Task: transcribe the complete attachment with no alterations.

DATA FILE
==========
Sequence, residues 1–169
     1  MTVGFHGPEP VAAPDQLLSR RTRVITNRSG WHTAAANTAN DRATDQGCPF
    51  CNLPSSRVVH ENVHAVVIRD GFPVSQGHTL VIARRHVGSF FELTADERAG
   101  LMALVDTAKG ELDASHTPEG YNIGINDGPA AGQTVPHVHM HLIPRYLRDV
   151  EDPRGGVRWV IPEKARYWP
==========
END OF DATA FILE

Sequence, residues 1–169
     1  MTVGFHGPEP VAAPDQLLSR RTRVITNRSG WHTAAANTAN DRATDQGCPF
    51  CNLPSSRVVH ENVHAVVIRD GFPVSQGHTL VIARRHVGSF FELTADERAG
   101  LMALVDTAKG ELDASHTPEG YNIGINDGPA AGQTVPHVHM HLIPRYLRDV
   151  EDPRGGVRWV IPEKARYWP